Thankfully, there is precedent for the court hearing important cases like this on an expedited timeline, even during its typical summer vacation. In United States v. Nixon, for example, a case about a president’s compliance with subpoenas, the court heard argument on July 8, 1974, and decided the case just two weeks later on July 24, all during its summer break. Bush v. Gore is another good example of expedition. The Supreme Court decided two cases arising out of the Florida recount in the 2000 election in roughly three weeks between Thanksgiving and Christmas of that year. In short, the court can act quickly when it wants to.
Finally, expedition is especially warranted here given that there is no reason this case can’t be heard on an expedited basis. Indeed, the parties have briefed this issue twice already in the lower courts, so they could easily file briefs before the Supreme Court on an expedited basis. The justices may be used to taking the summers largely off, but for an issue as important as this one—whether Congress can complete a major investigation of foreign interference in the 2016 election and President Trump’s efforts to obstruct the Mueller investigation—vacations can wait. To ensure that President Trump does not remain above the law, and that Congress can complete its legitimate investigation in a timely fashion, the court should hear this case this summer and decide it expeditiously.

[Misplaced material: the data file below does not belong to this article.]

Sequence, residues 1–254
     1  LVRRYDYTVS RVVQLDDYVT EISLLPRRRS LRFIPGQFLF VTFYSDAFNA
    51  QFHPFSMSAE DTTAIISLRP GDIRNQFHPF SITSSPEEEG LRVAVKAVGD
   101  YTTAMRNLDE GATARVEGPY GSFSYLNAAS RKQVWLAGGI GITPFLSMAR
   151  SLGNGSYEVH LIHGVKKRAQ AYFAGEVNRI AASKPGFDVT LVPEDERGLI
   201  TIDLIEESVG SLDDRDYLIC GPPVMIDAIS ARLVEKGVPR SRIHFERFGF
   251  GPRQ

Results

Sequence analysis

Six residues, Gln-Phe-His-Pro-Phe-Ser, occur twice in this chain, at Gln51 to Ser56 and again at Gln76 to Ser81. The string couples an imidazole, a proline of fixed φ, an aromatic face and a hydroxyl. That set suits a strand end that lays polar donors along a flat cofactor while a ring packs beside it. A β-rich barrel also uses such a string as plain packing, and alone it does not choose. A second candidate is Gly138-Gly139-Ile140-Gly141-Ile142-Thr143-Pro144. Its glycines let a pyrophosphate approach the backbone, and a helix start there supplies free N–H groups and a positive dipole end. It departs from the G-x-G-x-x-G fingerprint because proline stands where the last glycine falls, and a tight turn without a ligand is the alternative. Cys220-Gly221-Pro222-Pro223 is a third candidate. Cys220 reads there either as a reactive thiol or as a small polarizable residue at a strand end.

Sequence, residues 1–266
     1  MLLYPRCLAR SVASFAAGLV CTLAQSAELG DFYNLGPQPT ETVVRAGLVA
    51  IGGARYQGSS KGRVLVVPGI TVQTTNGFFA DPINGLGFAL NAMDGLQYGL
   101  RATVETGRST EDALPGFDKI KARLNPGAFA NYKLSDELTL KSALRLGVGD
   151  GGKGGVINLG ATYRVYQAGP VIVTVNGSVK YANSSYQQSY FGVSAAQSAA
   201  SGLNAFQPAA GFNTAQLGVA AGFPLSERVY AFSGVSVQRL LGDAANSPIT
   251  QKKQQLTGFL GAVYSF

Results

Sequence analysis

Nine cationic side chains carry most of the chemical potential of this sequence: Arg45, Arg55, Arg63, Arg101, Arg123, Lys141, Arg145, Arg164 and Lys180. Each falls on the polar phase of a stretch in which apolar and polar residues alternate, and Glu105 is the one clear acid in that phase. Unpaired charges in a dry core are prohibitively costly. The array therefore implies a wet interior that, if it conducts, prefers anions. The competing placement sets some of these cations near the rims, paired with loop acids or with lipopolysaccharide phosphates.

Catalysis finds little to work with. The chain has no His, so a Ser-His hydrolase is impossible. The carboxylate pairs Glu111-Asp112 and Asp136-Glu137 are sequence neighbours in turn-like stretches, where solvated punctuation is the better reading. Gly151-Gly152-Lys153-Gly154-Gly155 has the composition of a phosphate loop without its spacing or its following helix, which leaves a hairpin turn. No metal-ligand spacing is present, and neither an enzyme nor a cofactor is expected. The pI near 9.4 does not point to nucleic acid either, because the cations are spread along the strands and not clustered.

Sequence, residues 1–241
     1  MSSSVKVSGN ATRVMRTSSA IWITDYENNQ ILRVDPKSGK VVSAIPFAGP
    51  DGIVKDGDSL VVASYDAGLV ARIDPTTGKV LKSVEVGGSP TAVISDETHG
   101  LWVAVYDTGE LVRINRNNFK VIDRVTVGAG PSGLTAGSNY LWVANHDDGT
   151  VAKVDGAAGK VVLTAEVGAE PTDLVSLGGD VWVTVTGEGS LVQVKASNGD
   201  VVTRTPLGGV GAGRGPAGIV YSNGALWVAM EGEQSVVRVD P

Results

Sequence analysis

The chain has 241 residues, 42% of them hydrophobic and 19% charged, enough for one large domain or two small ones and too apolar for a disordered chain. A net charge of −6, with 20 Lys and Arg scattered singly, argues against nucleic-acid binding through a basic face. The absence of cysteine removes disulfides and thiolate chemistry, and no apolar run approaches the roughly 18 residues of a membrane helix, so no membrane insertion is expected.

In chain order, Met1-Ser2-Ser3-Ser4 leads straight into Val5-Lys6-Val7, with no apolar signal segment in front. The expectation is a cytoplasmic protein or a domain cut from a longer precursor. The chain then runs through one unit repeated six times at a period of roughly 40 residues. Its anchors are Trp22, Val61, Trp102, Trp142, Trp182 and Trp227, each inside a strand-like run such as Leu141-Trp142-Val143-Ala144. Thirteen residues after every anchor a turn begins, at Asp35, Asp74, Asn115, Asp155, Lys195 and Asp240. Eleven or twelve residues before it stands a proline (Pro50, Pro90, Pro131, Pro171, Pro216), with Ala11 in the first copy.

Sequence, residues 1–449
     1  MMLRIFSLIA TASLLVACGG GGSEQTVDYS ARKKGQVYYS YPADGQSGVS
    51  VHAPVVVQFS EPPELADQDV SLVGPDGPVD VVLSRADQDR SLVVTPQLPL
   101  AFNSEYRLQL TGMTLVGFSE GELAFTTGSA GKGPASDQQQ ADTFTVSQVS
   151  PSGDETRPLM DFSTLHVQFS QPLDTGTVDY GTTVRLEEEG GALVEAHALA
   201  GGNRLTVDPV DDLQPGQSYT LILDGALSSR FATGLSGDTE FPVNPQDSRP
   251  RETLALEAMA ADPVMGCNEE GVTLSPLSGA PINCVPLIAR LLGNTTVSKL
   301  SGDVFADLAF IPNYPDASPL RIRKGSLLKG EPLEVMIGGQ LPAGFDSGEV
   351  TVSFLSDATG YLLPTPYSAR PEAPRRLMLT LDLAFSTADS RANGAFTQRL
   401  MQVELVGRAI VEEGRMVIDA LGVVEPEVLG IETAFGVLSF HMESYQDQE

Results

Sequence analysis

For more of Slate’s news coverage, subscribe to the Political Gabfest on Apple Podcasts or listen below.
Support our independent journalism
Readers like you make our work possible. Help us continue to provide the reporting, commentary, and criticism you won’t find anywhere else.Join Slate Plus